For we now say in unison with aloha and humble hearts, May He Live! May the King Live in God!!

Therefore O People, let us keep the activities of the day well under control.

The first event. The singing of the Choir of Wainee, the hymn, “He Akua Hemolele.” There was a prayer by Hanunu, the pastor of the day. The Choir sang once more, “Ke Akua Mana Mau.”

The old ladies stood, along with the old men; some of the old men were right below the pulpit of Wainee, decked out in  layers of pa’upa’u kapa, and sang memorized songs of old. Like the Second Alphabet [Pi-a-pa-lua], sung like this: “Aha, Ahi, Aho, Ahu,” and so forth. Kenoi was the leader along with A. Makekau; this came to an end.

A. Makekau called out once more to this group of oldsters, with the Pi-a-pa-lua, exhorting in this manner:

“Don’t care after wooden idols,
Let us turn to the ever-living ruler,
It is good to glorify the ever-living God,
This, according to Iolani, the King of Hawaii.”

With this singing of the old ones, there was not a single one there who did not feel gratitude for the work done in times past. And after this was done, the makua then sang the Pi-a-pa-lua.

When the speaker, J. K. Unauna, stood, he was wearing a Large Whale Ivory Lei [Palaoa], which curved at the front like a banana of Kaea whose blossom containers [okai] are twisted. By the speech, of the speaker, the audience was immensely pleased, like a fish caught on the hook, weaving this way and that.

He spoke of the different famous feats of the Chief Kamehameha I. The audience was filled with thanks and appreciation. And, at the end of the speech of the speaker, the audience stomped their feet, like these lines of mele:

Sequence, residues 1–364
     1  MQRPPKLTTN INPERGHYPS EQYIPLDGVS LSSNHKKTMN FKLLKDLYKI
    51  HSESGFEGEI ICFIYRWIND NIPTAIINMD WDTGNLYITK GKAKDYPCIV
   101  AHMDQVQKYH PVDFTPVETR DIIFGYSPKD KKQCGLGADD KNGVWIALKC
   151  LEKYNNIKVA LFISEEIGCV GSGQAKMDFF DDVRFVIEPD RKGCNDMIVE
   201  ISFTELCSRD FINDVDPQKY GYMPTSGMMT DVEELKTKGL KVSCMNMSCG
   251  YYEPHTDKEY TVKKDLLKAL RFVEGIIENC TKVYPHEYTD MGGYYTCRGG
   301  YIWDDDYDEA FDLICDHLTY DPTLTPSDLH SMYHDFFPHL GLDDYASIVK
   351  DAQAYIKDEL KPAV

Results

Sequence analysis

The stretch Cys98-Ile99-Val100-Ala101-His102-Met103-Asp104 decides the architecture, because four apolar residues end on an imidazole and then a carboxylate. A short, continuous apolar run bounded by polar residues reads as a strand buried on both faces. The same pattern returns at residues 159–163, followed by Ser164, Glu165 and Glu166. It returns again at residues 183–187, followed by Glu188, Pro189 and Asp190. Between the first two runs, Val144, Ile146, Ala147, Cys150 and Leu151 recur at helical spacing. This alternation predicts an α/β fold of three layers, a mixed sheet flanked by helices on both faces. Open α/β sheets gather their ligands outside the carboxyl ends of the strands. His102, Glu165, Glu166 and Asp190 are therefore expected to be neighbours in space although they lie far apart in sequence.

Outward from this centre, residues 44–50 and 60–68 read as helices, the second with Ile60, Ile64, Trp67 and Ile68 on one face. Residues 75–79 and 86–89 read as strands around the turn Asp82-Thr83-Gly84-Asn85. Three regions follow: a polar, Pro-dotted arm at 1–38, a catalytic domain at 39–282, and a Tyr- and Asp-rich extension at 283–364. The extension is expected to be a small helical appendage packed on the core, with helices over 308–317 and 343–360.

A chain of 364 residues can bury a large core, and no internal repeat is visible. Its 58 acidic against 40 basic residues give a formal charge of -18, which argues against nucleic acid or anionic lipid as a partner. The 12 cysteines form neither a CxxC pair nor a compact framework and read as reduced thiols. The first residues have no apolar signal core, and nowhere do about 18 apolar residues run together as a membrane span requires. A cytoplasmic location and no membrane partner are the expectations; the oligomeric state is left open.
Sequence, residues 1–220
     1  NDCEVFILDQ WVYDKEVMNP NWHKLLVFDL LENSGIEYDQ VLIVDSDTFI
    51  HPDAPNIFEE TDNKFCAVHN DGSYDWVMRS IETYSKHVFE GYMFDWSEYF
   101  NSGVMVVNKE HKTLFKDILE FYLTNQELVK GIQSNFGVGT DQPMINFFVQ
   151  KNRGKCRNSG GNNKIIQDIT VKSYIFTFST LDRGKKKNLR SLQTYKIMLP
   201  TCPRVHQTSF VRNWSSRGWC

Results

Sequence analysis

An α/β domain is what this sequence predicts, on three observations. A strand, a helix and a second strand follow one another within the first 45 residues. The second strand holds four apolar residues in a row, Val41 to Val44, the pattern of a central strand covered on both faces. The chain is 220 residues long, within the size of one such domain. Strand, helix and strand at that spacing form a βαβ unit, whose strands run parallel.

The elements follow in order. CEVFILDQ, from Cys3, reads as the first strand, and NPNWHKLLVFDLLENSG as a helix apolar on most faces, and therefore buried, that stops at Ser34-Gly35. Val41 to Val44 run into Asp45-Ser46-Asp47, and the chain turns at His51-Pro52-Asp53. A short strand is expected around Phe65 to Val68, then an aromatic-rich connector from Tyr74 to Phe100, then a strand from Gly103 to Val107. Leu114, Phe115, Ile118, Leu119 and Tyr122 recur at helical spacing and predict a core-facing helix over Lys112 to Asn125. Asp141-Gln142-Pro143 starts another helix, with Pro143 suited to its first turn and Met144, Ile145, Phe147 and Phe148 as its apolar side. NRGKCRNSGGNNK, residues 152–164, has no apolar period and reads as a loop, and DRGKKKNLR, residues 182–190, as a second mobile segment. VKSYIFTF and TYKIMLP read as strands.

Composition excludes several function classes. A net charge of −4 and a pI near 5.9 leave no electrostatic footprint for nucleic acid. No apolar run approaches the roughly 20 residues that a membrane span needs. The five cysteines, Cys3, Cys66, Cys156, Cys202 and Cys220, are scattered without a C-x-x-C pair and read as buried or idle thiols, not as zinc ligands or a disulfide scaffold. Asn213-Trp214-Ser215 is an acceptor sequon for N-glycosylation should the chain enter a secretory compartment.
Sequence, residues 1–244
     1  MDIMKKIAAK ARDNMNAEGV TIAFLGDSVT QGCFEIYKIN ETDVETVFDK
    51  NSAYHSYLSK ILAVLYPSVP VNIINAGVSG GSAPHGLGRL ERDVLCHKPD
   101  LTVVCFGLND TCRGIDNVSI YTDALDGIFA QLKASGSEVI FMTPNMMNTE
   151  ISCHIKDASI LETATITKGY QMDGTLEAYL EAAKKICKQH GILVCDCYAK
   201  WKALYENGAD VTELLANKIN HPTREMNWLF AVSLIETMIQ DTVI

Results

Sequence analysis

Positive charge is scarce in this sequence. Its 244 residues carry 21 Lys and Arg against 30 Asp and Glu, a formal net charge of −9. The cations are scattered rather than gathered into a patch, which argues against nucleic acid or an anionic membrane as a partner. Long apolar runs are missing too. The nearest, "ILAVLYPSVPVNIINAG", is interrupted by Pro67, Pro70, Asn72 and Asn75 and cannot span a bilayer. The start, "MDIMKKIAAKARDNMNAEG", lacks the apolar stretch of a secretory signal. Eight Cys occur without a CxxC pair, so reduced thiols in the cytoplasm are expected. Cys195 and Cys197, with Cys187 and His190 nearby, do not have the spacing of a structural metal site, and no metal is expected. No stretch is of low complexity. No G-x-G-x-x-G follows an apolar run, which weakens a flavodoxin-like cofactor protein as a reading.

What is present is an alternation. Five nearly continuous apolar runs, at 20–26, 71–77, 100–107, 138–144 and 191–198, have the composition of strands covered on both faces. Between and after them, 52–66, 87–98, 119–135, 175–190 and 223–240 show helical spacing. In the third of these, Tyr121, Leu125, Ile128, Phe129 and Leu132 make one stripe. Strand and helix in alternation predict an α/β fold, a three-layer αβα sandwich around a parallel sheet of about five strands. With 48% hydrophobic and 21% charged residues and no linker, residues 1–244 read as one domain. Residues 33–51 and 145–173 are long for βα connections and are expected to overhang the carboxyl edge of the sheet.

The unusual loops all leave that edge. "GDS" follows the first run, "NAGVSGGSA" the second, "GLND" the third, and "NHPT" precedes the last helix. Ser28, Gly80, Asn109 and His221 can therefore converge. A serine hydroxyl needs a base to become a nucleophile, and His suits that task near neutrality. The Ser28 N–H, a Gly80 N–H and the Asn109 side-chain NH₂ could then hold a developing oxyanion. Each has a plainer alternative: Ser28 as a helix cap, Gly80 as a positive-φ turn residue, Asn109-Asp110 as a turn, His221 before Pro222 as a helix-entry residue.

“I have nothing but praise for the beauty of Aipo,
Shuddering at the cold of Hauailiki”

[“Aole a’u mea mahalo ole i ka nani o Aipo,
E li ana ka io i ke anu o Hauailiki.”]

And when the audience calmed down, the voices of the men and women burst forth, singing the national anthem [mele lahui] composed by one of our chiefly children, Lilia K. Dominis. To witness this, it was as if the current was drawing to Alae [e ko ana ke au i Alae].

The program was over, and the audience was released, and the went to the other festivities at Keawaiki, which was teeming with people; there were so many people seen at the activities of the white ones of Lahaina nei. At the hour of 11 A. M., the games began:

First event, boat race, won by the boat of A. C. Smith. Event 2, Mule race, won by Castle Jr.’s mule. Event three, sack race, won by Arika of Kaanapali. Event 4, swimming race, won by Poepoe. Event 6, pig chase [alualu puaa], which was won by him. Event 7, tin can filled with molasses and you try to get the dollar inside using your tongue; it was miserable to watch. Won by [?Nahioihi]. Event 8, a wooden pole of 6 feet tall; the money ($2.50) atop the pole was not gotten.

[This article continues with scenes from Wailuku and Kailua, Kona. Look for the continuation at a later date. The image online is very hard to read. I can’t wait for the day when all the newspapers are rescanned clearly!]

(Au Okoa, 6/20/1872, p. 3)

La Hoomanao Kamehameha I.

Ke Au Okoa, Buke VIII, Helu 10, Aoao 3. Iune 20, 1872.